Critical perspectives on child protection in the Democratic Republic of Congo

C. Maubert

Camille Maubert • PhD candidate in international development at the University of Edinburgh (Scotland)

In light of a violence prevention programme for children and young people, the author challenges the traditional notions of victimhood and vulnerability. Agentivity and capacity for initiative are valued in order to remove children from categories that can, ironically, turn them into “bad victims”.

Since it emerged in the 1980s and was affirmed in the 1989 United Nations Convention on the Rights of the Child (UNCRC), the principle of participation has steadily gained acceptance as a key standard for humanitarian and development interventions. It is enshrined in the minimum standards for child protection in humanitarian action(1)Alliance for Child Protection in Humanitarian Action, Minimum standards for child protection in humanitarian action, 2012, re-edited in 2019, https://alliancecpha.org/en/system/tdf/library/attachments/cpms_2019_final_en.pdf?file=1&type=node&id=35094 policy which sets basic operational principles for aid actors dealing with child protection globally. This focus on participation is rooted in a shift in policy thinking which has moved past a definition of children as vulnerable beneficiaries who require assistance from the family and the State to children as subjects of rights able to actively participate in society and shape their environment.

Contextualising childhood

Though participation – and the concomitant notions of agency and voice – have become part of mainstream humanitarian policy discourse, the operational focus on children remains demonstrably fixed on vulnerability and victimhood. Set in the context of the Democratic Republic of Congo (DRC), this article unpacks two persisting assumptions about childhood – “children are fundamentally vulnerable” and “children are innocent victims in need of protection” – and points out the pitfalls which result from their uncritical use in humanitarian interventions. It argues that, as intellectual frameworks, “vulnerability” and “victimhood” are insufficient to engage with the complex realities experienced by children in conflict zones and proposes a more contextualised vision of childhood.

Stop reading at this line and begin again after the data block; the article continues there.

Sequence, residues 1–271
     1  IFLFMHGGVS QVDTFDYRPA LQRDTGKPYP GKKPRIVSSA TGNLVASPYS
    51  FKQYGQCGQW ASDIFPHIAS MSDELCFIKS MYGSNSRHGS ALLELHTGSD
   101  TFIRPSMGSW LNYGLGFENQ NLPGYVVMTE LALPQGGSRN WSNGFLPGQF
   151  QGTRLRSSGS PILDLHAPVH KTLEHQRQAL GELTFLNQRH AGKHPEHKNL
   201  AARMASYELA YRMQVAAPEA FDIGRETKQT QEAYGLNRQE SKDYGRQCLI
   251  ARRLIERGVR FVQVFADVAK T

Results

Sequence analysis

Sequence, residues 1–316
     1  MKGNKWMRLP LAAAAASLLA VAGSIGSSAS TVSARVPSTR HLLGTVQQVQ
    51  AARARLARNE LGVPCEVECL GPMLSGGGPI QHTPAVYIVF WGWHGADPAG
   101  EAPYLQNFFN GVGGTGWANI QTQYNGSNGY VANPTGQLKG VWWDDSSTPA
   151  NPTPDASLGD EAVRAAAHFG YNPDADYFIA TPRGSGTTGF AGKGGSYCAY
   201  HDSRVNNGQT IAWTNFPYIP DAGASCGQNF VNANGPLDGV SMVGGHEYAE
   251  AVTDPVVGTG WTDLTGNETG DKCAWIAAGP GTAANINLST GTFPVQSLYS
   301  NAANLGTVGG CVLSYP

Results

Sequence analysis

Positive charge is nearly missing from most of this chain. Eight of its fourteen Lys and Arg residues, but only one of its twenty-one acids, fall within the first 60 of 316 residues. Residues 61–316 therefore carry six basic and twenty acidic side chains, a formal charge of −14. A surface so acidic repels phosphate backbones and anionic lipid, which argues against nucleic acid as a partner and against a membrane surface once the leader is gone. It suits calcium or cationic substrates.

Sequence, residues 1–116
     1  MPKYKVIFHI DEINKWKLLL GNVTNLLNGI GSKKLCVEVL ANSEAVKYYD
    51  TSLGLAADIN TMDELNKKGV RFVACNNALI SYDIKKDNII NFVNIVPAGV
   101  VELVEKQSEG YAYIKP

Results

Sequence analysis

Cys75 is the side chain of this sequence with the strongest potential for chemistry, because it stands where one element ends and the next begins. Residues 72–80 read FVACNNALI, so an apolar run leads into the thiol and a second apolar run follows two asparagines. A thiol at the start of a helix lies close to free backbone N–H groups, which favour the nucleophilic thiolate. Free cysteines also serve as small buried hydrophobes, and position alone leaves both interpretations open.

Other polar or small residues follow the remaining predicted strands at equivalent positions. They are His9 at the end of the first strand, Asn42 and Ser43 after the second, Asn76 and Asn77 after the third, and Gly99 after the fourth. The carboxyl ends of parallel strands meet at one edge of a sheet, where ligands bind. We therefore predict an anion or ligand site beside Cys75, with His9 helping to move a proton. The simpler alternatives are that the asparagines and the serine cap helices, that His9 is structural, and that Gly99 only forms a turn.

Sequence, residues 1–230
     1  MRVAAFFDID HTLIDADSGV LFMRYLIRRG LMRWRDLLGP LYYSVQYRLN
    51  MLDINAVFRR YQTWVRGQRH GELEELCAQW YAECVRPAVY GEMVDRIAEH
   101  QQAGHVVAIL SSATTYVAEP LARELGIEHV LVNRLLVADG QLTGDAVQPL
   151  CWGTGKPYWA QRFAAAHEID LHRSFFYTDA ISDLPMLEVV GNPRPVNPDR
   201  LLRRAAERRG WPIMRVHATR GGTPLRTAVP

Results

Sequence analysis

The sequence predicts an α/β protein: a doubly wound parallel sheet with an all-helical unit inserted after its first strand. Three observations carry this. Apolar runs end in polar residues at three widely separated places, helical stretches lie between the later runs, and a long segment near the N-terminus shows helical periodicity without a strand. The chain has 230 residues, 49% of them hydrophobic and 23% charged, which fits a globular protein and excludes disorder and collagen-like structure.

Insight is taken from the literature on international development and violence prevention, as well as the author’s experience observing how the Congolese non-governmental organisation (NGO) Ghovodi (meaning “Group of men dedicated to inter-community development – Groupe des hommes voués au development inter-communautaire in French) works to integrate children and youth (age 14-25) in violence prevention programming. Ghovodi’s Washindi (“the victorious”) approach, rooted in children’s agency, competes with the mainstream definition of children as passive victims of conflict and poverty and offers insight into how they can participate in their own protection. Data is drawn from twelve months of participant observation of the NGO’s activities for the entire duration of the programme, in addition to the analysis of project learning documents (baseline, endline, impact analysis) and transcripts from forty-eight focus groups with children and youths. These focus groups were the core of the Washindi curriculum, which includes six weeks of discussions for girls, eight weeks for boys, and two weeks of mixed sessions.

Assumption 1: children are fundamentally vulnerable

Children are a paradigmatic figure of vulnerability. They are considered as fragile, unsteady and dependent on adults for survival and education. Young children and girls stand out as categories of children who are often deemed to be fundamentally vulnerable (regardless of the social structures which generate their vulnerability). This characterisation of children as deficient – that is, lacking skills, autonomy, judgment – is based on an evolutionary understanding of children as adults-in-the-making. As such, children are placed under the tutelage of various institutions – the family, the school, sometimes the church – who are responsible for caring for and protecting them until they graduate into adulthood.